A Reader's Guide to Unfamiliar Literature
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A Good Place To Start

As I Lay Dying 1
The Sound and the Fury 1
Light in August 1
Go Down, Moses 1
The Hamlet 1

A Bad Place To Start

As I Lay Dying 1
The Sound and the Fury 1


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William Faulkner

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Please consider recommending where to begin reading this author, or where not to. A few words about your experiences reading this author and why you make the recommendations you do will be helpful to other users. If you are the author or have studied this author extensively, please say so.

tripst3r February 6th, 2006 10:04 AM PST

The thing about Faulkner is, do you start with something with a nice, neat, single narrator, told in more or less standard English (which can be fantastic literature) or one of the more narratively adventurous works (which are fantastic in addition to being spectacles)? For a general reader, I lean toward the former, since it introduces you to his themes and settings and attitudes without being distracted by trying to figure out what's being said.

wijmlet August 26th, 2008 01:45 PM PST

Start with his short stories, like the classic "A Rose for Emily" and moved out, learning about the recurring characters in Jefferson, his fictional town.

Although somewhat racist, he portrays the South in Shakespearean complexity.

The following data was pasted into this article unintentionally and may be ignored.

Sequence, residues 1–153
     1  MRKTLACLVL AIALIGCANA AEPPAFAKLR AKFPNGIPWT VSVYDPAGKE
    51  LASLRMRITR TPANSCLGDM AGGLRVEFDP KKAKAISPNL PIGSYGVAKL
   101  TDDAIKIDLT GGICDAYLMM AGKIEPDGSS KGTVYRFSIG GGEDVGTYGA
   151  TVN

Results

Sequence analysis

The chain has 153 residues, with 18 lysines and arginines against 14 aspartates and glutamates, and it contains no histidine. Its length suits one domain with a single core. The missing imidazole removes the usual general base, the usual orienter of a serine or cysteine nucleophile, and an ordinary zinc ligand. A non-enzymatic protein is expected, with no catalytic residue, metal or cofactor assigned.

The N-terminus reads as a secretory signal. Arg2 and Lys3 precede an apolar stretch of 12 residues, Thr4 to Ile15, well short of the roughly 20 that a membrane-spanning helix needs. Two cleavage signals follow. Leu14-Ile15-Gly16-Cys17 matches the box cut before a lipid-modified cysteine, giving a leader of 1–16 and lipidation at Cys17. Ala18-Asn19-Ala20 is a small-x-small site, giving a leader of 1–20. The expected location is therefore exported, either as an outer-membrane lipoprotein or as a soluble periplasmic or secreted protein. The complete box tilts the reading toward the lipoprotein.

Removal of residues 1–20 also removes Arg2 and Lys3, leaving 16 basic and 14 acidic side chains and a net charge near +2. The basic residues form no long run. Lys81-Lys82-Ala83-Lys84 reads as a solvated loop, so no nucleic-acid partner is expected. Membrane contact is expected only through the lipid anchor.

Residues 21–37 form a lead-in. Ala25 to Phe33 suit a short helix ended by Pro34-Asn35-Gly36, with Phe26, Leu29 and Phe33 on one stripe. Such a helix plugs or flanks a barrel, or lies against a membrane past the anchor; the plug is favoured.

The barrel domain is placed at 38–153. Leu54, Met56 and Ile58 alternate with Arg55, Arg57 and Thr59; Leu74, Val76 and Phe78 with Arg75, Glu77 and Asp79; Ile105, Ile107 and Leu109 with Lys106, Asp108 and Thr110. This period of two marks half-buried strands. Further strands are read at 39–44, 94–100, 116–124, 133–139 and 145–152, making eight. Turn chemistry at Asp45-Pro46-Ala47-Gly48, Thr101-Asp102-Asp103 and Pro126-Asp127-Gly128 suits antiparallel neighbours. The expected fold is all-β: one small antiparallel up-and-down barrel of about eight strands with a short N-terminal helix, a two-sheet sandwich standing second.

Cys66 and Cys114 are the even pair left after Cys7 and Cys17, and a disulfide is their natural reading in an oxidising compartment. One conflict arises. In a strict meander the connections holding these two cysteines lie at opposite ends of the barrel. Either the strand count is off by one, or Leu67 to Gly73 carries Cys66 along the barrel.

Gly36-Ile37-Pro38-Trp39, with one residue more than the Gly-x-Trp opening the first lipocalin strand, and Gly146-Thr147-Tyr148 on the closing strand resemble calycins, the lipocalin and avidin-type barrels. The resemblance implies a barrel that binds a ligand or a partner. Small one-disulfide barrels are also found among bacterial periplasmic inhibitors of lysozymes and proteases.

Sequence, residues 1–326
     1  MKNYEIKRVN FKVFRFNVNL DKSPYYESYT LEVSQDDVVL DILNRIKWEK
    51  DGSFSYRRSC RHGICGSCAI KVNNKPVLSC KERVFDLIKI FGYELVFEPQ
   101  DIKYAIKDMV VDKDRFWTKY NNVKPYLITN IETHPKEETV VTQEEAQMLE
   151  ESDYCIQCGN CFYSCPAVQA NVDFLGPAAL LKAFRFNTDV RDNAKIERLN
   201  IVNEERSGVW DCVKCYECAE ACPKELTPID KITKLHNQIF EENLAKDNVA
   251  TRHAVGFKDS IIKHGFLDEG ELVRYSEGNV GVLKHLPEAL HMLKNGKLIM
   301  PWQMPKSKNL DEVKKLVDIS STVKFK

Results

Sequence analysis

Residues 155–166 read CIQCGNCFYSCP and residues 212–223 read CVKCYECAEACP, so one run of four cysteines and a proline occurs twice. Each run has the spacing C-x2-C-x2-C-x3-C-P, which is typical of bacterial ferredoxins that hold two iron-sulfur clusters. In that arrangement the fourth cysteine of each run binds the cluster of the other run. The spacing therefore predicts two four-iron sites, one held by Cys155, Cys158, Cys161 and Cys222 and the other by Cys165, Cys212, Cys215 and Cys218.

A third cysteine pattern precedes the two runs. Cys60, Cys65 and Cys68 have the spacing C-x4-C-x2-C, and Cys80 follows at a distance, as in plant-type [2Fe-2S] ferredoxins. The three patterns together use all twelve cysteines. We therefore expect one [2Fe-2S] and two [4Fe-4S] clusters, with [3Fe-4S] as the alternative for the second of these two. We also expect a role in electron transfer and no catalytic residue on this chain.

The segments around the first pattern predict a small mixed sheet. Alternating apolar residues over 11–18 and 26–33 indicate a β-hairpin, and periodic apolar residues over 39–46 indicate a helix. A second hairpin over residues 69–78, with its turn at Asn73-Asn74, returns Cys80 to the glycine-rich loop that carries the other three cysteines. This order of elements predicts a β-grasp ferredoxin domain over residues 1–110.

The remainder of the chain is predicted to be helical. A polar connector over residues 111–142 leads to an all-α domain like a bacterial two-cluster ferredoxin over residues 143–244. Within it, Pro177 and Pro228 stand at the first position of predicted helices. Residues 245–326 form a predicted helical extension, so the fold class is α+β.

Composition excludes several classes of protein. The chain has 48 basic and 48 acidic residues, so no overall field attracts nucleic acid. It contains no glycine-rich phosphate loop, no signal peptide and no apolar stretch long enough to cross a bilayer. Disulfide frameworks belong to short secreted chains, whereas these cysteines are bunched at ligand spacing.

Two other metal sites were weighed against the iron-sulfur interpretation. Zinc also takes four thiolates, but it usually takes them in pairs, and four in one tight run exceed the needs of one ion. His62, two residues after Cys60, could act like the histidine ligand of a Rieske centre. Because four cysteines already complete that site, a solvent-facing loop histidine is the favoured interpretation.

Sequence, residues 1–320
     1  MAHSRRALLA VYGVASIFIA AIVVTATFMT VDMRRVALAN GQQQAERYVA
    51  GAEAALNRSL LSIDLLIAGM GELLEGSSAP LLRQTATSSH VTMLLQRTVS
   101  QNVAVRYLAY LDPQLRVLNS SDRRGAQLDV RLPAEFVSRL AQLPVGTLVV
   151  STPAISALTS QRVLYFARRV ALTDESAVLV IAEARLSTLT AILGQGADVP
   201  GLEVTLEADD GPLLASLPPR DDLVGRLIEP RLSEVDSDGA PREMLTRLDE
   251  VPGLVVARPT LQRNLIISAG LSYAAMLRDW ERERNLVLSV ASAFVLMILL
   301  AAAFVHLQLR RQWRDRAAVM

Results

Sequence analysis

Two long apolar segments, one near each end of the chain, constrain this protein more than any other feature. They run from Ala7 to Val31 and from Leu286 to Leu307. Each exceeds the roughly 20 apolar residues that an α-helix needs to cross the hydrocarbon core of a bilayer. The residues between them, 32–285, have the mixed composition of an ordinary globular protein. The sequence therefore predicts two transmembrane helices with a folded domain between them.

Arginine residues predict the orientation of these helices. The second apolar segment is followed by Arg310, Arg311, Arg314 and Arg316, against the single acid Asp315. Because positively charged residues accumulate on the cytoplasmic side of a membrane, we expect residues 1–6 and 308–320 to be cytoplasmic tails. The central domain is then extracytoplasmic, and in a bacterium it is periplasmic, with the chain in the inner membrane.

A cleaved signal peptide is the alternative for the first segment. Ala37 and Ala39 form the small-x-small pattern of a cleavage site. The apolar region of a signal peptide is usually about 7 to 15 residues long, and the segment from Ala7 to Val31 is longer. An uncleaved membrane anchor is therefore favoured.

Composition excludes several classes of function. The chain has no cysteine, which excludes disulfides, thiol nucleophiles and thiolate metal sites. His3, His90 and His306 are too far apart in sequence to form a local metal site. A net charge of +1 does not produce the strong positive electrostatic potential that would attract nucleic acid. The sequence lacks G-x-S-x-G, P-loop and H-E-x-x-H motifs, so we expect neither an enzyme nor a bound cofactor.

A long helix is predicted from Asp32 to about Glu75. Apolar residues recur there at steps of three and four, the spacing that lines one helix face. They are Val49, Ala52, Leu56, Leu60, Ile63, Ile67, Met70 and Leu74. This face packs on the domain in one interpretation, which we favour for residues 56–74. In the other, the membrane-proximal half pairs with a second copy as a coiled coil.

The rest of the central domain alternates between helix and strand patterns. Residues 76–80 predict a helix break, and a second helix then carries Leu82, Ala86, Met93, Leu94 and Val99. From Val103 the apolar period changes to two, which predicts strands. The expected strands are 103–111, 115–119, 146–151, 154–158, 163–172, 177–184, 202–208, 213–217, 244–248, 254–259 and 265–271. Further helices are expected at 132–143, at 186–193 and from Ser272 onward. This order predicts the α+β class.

wijmlet September 1st, 2009 03:40 PM PST

Superb, Shakespearian use of language. Plotting and point of view and narration are complex but amazingly satisfying.

His Nobel Prize acceptance speech, however, is complerte b.s.


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William Cuthbert Faulkner (September 25, 1897 July 6, 1962) was an American novelist and poet whose works feature his native state of Mississippi. Regarded as one of the most influential writers of the twentieth century, Faulkner was awarded the 1949 Nobel Prize for Literature.

Faulkner's writing is often criticized as being dense, meandering and difficult to understand due to his heavy use of such literary techniques as symbolism, allegory, multiple narrators and points of view, non-linear narrative, and especially stream of consciousness. Faulkner was known for an experimental style with meticulous attention to diction and cadence, in contrast to the minimalist understatement of his rival Ernest Hemingway.

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